In the case of TOD zone of Armentieres and Denain-Somain-Bouchain was instead found that in the scenario C, the progressive highway congestion reduction, due to the increase of transit modal share, induces a regrow of car attractiveness in these zones, because of the strong connection to the road network. This result could stimulate some new considerations about effects of transit use incitatory policies that don't consider a progressive road capacity reduction. It can be therefore concluded that TOD policies effects are largely more evident in contexts where a general economic and productive dynamism and a basic transport and land demand are present. This is the case of rail corridors above-mentioned, with best results in transit modal share after TOD interventions, which are located in the central urban area of the region and on the way between Lille and Paris. The increase of transit use induced by TOD policies appears however to be largely more incisive if linked with actions oriented to limit car use (scenario C: transit tariff integration; highway tools).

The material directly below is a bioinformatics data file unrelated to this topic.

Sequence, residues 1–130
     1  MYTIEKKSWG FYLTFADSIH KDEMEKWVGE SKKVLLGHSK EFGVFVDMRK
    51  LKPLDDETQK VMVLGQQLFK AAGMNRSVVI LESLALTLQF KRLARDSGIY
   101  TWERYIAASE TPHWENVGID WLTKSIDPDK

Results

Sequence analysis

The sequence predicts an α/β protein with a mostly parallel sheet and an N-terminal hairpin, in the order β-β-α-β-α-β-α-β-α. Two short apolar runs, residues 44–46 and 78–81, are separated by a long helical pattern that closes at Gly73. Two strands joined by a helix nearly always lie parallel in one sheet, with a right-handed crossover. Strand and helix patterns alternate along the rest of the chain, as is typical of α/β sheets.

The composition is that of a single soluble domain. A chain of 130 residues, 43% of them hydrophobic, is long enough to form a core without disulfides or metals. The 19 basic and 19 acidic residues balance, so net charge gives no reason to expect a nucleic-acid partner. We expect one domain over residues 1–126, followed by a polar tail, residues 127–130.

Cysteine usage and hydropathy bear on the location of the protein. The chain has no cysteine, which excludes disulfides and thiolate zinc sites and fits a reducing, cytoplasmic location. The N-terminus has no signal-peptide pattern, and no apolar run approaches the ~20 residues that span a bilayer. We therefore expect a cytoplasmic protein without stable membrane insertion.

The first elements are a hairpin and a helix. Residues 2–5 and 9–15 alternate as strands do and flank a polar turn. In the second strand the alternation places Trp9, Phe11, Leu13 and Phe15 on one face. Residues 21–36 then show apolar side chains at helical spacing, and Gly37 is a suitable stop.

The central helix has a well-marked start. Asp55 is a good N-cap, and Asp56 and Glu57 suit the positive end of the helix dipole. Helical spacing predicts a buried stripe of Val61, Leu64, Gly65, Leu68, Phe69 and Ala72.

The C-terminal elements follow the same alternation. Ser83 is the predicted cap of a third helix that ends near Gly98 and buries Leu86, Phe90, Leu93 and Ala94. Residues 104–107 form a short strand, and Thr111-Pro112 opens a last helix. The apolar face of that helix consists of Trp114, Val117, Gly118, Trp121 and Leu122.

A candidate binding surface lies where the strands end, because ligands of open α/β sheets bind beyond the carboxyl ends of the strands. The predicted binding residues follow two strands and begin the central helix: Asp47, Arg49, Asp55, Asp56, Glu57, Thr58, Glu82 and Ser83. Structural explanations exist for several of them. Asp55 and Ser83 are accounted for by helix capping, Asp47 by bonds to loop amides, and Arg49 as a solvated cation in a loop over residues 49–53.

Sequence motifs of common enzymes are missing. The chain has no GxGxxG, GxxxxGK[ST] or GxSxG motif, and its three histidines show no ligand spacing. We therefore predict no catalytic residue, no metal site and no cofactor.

Finally Tranus confirms its capacity to model land use and transport interactions in multi scalar and regional networks, but also its strong complexity. Main difficulties are related to the conception of starting hypothesis, to data collection and to calibration. Tranus also needs a solid multidisciplinary approach and a not irrelevant working time for implementation, calibration and outputs analysis.